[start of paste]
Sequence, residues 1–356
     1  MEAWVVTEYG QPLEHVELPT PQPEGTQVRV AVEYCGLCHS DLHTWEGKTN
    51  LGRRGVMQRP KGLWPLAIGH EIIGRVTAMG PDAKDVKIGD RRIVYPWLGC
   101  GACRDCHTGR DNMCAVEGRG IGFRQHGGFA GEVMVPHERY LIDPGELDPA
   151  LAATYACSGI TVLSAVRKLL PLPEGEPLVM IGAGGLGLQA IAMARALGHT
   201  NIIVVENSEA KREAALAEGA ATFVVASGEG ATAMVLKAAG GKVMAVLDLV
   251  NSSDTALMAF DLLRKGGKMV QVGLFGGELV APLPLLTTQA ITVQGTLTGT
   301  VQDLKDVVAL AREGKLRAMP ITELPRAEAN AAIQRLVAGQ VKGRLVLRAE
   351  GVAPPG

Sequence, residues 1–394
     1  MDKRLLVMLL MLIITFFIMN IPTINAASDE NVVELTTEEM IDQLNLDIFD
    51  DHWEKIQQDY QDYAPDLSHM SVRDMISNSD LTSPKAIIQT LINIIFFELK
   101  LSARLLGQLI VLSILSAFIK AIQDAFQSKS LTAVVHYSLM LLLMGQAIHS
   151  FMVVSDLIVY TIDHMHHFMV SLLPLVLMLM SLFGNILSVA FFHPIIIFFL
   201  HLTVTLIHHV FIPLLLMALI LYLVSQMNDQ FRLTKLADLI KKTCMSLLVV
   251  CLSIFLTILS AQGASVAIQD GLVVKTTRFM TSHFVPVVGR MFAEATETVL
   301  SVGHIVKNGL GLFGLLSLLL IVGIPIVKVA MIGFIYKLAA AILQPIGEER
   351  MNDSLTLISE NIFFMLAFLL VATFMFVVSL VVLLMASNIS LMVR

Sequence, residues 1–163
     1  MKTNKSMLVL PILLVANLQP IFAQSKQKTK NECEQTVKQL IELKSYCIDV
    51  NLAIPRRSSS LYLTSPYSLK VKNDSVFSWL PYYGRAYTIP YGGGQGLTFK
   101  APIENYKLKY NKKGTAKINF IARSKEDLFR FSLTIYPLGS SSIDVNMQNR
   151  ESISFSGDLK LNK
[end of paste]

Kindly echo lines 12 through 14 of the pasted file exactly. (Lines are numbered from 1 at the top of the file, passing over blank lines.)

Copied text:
    51  DHWEKIQQDY QDYAPDLSHM SVRDMISNSD LTSPKAIIQT LINIIFFELK
   101  LSARLLGQLI VLSILSAFIK AIQDAFQSKS LTAVVHYSLM LLLMGQAIHS
   151  FMVVSDLIVY TIDHMHHFMV SLLPLVLMLM SLFGNILSVA FFHPIIIFFL